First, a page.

weekend away - Cairo
Written by Jon Jensen Illustration by Adam Oliver
Ancient and modern worlds converge in Cairo, the largest city in both Africa and the Middle East. Experience old-world charm and cosmopolitan chic along the banks of the Nile River.
It’s easy to be completely overwhelmed by the chaos of Cairo. With over 20 million residents living and working in overcrowded neighbourhoods, and narrow streets continually clogged with honking drivers, the cacophonous din of the city is constant, even long into the night. Long summer days are made even muggier by a thick layer of dark haze that hangs above the sprawl.
But step back and take a closer look and you’ll find a charming, easily accessible modern city with a thriving arts scene, booming nightlife, and luxurious hotels with world-class dining options. A stroll through any of Cairo’s enclaves will feel more rural than megacity, full of smiling, friendly faces and some of the most generous people in the world.
Most tourists head straight for the desert plateau at Giza to see the 5,000-year-old Great Pyramid and nearby Sphinx. But don’t miss the stunning views at the less-visited step pyramid of Saqqara, the oldest manmade structure in the world, and only a short drive from downtown.
For a view of more recent history, head to Cairo’s old Islamic quarter near the Khan el-Khalili souk, a 14th-century Ottoman market. Get lost as you stroll through the maze-like alleyways of shops selling spices, silver, and other touristy souvenirs. Across the street, the Al-Azhar mosque, one of the most famous in all of Islam, is well worth a stop. Al-Azhar is the seat of the oldest university in the world.
To escape the heat and crowds, hire a felucca, or Nile River sailboat, and waste the day away sailing down the slow-moving river. The lush, tree-lined Zamalek neighbourhood is located on a Nile island, and it too offers a reprieve from Cairo’s traffic and noise. Zamalek is home to dozens of art galleries, boutique shopping, and several 5-star restaurants, the best of which may be Abu el-Sid with its traditional Egyptian cuisine.
No visit to Cairo is complete without watching a sunset. Al-Azhar Park, built on the site of a former trash heap, offers stunning panoramas of the pyramids on a clear day.
After dark, the ‘city that never sleeps’ is increasingly becoming known for its vivacious nightlife. Dance the night away at the posh Absolute, a nightclub with heart-pounding bass beats just a stone’s throw from the Nile. Or check out live Oriental fusion music at the low-key but smoky Cairo Jazz Club in the Mohandeseen neighbourhood.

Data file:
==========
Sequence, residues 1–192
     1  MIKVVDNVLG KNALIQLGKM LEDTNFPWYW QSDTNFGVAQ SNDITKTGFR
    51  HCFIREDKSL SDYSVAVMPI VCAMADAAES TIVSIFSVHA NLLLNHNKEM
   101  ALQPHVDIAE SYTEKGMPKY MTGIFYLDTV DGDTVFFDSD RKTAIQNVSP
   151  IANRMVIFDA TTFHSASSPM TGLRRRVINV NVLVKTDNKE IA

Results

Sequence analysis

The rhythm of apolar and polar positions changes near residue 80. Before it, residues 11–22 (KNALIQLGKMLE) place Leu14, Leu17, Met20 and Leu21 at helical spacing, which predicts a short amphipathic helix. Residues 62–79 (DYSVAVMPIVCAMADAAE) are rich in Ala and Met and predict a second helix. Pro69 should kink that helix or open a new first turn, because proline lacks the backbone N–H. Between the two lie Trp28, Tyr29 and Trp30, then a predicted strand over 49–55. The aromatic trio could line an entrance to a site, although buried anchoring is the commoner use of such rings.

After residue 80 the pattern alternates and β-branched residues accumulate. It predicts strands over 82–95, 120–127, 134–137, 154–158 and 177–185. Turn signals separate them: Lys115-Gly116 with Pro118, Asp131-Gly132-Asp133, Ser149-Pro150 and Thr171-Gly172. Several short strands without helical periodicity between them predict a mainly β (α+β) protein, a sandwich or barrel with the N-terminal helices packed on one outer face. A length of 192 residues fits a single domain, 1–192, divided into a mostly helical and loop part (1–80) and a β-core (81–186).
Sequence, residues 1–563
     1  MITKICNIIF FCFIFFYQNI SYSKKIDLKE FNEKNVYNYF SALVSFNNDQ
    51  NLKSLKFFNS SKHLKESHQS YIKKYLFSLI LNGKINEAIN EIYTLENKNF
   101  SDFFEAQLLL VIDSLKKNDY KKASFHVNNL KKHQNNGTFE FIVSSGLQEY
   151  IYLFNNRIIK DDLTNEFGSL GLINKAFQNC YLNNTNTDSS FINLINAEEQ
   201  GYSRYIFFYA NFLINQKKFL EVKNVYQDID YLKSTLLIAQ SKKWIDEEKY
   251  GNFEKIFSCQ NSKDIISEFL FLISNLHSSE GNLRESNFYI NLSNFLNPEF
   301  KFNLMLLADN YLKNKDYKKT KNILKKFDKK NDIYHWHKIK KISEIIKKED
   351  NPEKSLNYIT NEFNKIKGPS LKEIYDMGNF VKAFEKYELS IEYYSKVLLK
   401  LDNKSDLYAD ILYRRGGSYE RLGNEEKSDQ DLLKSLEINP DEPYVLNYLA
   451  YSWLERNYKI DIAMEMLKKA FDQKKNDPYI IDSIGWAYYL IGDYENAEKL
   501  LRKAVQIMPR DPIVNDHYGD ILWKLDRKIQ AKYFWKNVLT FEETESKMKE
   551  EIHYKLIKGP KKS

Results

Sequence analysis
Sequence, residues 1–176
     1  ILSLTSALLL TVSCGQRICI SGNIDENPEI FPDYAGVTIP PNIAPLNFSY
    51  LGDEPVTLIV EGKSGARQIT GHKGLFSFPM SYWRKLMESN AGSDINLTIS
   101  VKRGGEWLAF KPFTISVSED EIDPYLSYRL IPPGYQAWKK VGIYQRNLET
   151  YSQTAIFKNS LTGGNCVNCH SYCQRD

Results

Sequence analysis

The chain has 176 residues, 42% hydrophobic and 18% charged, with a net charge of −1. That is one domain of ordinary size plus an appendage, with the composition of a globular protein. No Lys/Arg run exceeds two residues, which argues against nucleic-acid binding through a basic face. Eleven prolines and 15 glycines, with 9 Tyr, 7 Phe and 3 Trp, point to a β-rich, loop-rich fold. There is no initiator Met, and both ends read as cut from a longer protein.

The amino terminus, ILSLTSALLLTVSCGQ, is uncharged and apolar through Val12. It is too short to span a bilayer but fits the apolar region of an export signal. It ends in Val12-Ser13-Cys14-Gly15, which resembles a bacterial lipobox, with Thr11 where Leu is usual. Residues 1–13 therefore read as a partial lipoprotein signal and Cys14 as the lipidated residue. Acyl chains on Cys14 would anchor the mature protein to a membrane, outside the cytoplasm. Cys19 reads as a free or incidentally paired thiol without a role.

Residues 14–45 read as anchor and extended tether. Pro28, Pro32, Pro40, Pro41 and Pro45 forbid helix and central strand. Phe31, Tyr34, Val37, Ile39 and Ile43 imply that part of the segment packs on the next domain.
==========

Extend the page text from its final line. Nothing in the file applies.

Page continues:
There are thousands of ahwas, or coffee houses, throughout Cairo. On every street corner you’ll find Egyptian men drinking tea, cardamom-spiced Turkish coffee, and playing backgammon at an ahwa. The most famous of all is El-Fishawy, an alleyway ahwa located in the Khan el-Khalili. El-Fishawy’s claim to fame is that their doors have not shut in over 200 years.
Located in Bab el-Khalk is the newly renovated Museum of Islamic Art. The museum houses a growing collection of over 100,000 ancient metal works, Oriental carpets, and Qur'an. New lighting and modern display casings in each of the 24 halls make it the most impressive museum in all of Egypt.
The days of bumbling around in Cairo’s ubiquitous black-and-white jalopies are finally coming to a close. Last year, local officials in Cairo required drivers to switch to brand-new, white-chequered taxicabs. Thousands of the air-conditioned taxis have already hit the streets. And fully-functioning meters means no more bargaining for fares.
Where to stay
The Marriott Cairo Hotel & Omar Khayyam Casino is one luxury option, built around an historic palace originally designed for guests coming to celebrate the inauguration of the Suez Canal in 1869. The Marriott is centrally located in the Zamalek area, but drinking mint tea in the hotel’s garden courtyard feels a world away from the hustle and bustle of downtown Cairo.
Cairo’s Semiramis Intercontinental is another 5-star option just a few minutes’ walk from the best shopping and nightlife in the city centre. The elegant Semiramis has several world-class restaurants, but the Bird Cage on the second floor serves up the best Thai food in all of Cairo.